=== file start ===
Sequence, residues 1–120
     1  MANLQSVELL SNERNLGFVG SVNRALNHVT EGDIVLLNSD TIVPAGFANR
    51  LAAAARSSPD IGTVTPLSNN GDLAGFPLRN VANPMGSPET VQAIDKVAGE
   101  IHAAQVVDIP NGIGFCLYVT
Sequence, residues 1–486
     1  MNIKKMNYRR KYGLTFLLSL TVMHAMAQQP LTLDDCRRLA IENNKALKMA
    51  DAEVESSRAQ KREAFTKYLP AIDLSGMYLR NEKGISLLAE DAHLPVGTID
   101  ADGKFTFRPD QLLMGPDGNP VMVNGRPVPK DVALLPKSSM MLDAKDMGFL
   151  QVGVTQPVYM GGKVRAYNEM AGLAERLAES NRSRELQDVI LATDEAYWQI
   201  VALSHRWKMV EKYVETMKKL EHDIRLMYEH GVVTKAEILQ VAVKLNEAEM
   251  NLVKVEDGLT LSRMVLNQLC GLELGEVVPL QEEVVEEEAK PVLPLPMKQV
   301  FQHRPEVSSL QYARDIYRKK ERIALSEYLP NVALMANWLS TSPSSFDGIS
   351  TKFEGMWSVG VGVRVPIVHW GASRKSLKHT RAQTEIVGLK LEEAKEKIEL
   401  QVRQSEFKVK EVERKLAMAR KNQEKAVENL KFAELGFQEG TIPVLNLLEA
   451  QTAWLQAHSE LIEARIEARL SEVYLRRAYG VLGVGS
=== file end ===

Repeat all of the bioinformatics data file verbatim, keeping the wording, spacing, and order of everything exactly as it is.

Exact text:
Sequence, residues 1–120
     1  MANLQSVELL SNERNLGFVG SVNRALNHVT EGDIVLLNSD TIVPAGFANR
    51  LAAAARSSPD IGTVTPLSNN GDLAGFPLRN VANPMGSPET VQAIDKVAGE
   101  IHAAQVVDIP NGIGFCLYVT
Sequence, residues 1–486
     1  MNIKKMNYRR KYGLTFLLSL TVMHAMAQQP LTLDDCRRLA IENNKALKMA
    51  DAEVESSRAQ KREAFTKYLP AIDLSGMYLR NEKGISLLAE DAHLPVGTID
   101  ADGKFTFRPD QLLMGPDGNP VMVNGRPVPK DVALLPKSSM MLDAKDMGFL
   151  QVGVTQPVYM GGKVRAYNEM AGLAERLAES NRSRELQDVI LATDEAYWQI
   201  VALSHRWKMV EKYVETMKKL EHDIRLMYEH GVVTKAEILQ VAVKLNEAEM
   251  NLVKVEDGLT LSRMVLNQLC GLELGEVVPL QEEVVEEEAK PVLPLPMKQV
   301  FQHRPEVSSL QYARDIYRKK ERIALSEYLP NVALMANWLS TSPSSFDGIS
   351  TKFEGMWSVG VGVRVPIVHW GASRKSLKHT RAQTEIVGLK LEEAKEKIEL
   401  QVRQSEFKVK EVERKLAMAR KNQEKAVENL KFAELGFQEG TIPVLNLLEA
   451  QTAWLQAHSE LIEARIEARL SEVYLRRAYG VLGVGS